First of all, a big thank you for your site and your significant contribution to the world of photography. I like how you encourage photographers to be real and to enjoy the experience, without getting hung up on numbers and statistics! I also like how people can be super-enthusiastic if they like a camera and, conversely, just say if they don’t like one without anyone getting nasty. So refreshing!
May I make a tiny contribution from a recent experience?
When micro-four-thirds cameras turned up, I was very excited. Much of my photography is opportunistic, which means I must have a camera on me almost all the time. Because a decent portion of those opportunities come up when I am working in the bush, I was in a constant conflict between big cameras with good image quality and small ones with mediocre image quality (though I have plenty of fine images taken with those lesser cameras – they were definitely better than nothing at all!). Micro-four-thirds, particularly the Pen series, seemed like a dream come true.
I grew to love the little Olympus EP1 that I finally settled on, once the prices had come within reach. I bought and sold a number of lens, ending up with the much-underrated and wonderful little 17/2.8, the versatile 14-150 zoom, the Noktor (=SLR Magic) Hyperprime 12/1.6 and an adapted Pen F 40/1.4. I was pretty happy with this combination (though was trying to get a better long lens – the 14-150 was great up to 50mm but quality dropped off beyond there). I have many, many photos from these that I am more than happy with. I was even happier with the photos from the EP1 and adapted ZD12-60 but that wasn’t exactly a small package. Compromises…
Then the thing we dread happened. I bent over to pat my dog one afternoon and heard the dreadful clunk of a camera falling out of my bag and hitting the deck. While everything looked fine, the display told me there was a problem with the IS system. The camera still worked if I turned the IS off but the stabilisation was gone, a real shame because I found it super-effective. Ah well.
Worse was to come though. Reviewing my images a while later, I noticed severe vignetting on one side! Yup, the sensor had moved and was jammed to one side. I sent it off for a repair quote and the bad news was it would be cheaper to buy a new EPM1 body. Black despair!
At the same time, I finally decided I couldn’t afford to upgrade my Olympus DSLR and would move to another brand. Suddenly, my whole camera arsenal was up for review. For a long time, I thought I would replace the EP1 with the new EM5 but they were taking forever to come to New Zealand, so I looked around. I played with a couple of NEX7s, thought about another Pen, tried to find a Samsung, gasped at the price of the Nikon 1 cameras, until I had an epiphany. Quite suddenly, out of the blue, I realised I did not want two system cameras! I didn’t want to be constantly deciding what lens to put on my small “bush” camera and I didn’t want to be investing in lenses for two systems. Because I sometimes make some money from shooting weddings, I really needed to keep an SLR, which would also be good for wildlife, eventually getting a modest Canon 60D.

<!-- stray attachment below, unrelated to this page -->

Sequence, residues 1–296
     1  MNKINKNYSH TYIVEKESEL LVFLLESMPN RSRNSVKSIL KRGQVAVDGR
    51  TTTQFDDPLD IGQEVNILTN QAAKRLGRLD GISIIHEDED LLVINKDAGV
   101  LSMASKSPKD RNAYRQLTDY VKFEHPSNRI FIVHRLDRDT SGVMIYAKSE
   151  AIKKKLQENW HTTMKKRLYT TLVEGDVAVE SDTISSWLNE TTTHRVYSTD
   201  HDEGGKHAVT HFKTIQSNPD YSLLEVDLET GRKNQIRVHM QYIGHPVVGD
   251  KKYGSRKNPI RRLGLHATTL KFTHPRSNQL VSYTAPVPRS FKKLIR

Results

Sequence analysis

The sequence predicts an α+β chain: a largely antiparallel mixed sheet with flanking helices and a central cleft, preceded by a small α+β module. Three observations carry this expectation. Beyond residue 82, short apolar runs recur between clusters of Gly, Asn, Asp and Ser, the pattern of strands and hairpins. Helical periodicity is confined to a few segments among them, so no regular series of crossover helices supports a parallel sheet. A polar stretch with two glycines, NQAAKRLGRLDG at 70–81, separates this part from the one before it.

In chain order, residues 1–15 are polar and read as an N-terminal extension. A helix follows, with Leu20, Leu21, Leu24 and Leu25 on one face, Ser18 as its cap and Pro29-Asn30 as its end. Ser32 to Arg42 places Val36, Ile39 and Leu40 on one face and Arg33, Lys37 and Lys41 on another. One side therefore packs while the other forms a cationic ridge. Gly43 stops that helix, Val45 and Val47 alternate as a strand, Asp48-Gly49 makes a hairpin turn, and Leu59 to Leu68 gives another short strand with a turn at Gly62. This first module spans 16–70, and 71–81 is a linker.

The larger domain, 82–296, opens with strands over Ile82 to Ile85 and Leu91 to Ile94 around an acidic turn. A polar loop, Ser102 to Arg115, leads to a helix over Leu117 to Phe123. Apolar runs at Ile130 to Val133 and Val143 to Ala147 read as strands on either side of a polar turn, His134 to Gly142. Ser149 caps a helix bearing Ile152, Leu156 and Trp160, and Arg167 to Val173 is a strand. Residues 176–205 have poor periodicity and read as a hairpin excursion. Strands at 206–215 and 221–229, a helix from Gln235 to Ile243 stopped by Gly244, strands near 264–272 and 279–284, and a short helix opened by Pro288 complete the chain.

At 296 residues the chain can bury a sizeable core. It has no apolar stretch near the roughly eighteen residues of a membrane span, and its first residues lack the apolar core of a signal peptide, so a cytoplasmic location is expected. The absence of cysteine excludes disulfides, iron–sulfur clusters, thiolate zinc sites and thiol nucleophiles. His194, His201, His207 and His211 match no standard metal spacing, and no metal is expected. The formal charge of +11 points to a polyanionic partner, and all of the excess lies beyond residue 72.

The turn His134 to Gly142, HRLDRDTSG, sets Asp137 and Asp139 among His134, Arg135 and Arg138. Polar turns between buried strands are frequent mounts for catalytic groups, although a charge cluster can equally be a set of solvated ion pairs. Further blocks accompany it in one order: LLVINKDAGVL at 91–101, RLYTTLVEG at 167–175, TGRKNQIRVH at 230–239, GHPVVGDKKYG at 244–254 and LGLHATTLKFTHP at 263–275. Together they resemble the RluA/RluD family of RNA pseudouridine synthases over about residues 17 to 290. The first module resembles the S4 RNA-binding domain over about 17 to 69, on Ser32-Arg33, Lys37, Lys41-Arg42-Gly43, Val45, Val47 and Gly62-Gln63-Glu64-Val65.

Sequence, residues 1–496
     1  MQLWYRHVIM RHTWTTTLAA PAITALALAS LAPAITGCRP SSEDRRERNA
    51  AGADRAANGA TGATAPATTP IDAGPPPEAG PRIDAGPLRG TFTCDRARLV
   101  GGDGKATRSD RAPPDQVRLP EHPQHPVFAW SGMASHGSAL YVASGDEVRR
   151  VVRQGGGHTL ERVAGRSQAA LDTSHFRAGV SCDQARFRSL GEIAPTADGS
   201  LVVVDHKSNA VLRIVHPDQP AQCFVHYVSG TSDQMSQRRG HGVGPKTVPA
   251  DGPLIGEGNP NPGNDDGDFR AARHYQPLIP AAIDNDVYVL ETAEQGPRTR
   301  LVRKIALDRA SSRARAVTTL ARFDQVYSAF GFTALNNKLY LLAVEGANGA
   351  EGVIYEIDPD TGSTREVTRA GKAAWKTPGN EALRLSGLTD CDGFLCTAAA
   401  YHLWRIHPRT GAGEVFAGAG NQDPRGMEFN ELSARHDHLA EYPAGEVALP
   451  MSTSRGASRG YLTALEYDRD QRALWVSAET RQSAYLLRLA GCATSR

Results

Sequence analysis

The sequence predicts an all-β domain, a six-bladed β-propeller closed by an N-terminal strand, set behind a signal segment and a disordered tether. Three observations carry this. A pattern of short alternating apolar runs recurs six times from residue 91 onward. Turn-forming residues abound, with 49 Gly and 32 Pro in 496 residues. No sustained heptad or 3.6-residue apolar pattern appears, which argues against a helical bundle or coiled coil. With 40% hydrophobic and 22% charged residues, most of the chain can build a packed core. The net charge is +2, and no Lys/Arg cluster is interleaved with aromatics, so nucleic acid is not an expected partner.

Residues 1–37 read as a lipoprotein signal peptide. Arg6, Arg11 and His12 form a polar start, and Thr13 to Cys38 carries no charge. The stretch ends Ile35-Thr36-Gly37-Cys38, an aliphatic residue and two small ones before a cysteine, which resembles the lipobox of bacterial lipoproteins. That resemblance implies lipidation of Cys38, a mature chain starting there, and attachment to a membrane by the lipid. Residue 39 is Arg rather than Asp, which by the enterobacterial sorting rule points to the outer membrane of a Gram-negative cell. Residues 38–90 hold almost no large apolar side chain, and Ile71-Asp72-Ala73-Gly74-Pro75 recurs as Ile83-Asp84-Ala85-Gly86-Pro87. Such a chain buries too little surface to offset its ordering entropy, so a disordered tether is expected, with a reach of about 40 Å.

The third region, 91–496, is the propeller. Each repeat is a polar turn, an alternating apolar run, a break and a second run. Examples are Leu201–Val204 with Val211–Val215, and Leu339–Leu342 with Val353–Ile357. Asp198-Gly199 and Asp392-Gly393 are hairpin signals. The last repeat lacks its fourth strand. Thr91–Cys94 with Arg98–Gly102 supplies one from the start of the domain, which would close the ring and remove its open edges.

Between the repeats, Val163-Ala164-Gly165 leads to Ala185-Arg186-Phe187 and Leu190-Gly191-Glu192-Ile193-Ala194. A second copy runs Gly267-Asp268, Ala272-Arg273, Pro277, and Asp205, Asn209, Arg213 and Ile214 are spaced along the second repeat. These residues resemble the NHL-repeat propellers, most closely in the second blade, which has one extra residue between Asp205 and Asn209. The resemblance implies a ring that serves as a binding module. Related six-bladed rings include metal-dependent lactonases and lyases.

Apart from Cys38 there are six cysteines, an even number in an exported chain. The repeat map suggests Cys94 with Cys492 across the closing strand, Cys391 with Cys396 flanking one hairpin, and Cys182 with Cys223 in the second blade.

The solution for my bush camera was to replace my EP1 with the truly excellent little Canon G1X. Superb zoom lens and sensor in a compact package that still manages a viewfinder and flash, bullet-proof autofocus – it has proven to be excellent for my needs.
So, what about the broken EP1? Well, I loved that camera and couldn’t bear to sell it for peanuts, so I decided to keep it and sold off the two AF lenses. Of course, I couldn’t bear to sell those MF lenses either, as they are as rare as rocking horse dung and who knows when I might get another m4/3 camera?
So, there I was one day, with a broken EP1 body and two absolutely gorgeous manual lenses, when it struck me that I could still use this combination if I just cropped the vignetting out. That meant only shooting in 16:9 or 6:6 ratio. Suddenly, photography lost its intensity and became fundamental again. Wandering around with just two manual-only lenses (useful 24mm and 80mm equivalent focal lengths), restricted to two unusual aspect ratios, I found each photo became more considered, more relaxing and, well, just more fun! Not for everyday use, maybe, but when I get a bit jaded, I can just pull out what feels like my old classic camera(!) and lenses and go and enjoy the experience. It’s been wonderful.
I thought I’d share this because it might inspire people who are on a budget to think a bit laterally and make do with what they can get. I’ve included four photos (I know, you say only three but I figured two from each lens was fair). The two buildings are taken with the 12/1.6, the tree/sky and plant shots are taken with the 40/1.4. Don’t ask what the apertures were!
Hope someone finds this inspiring! All the best,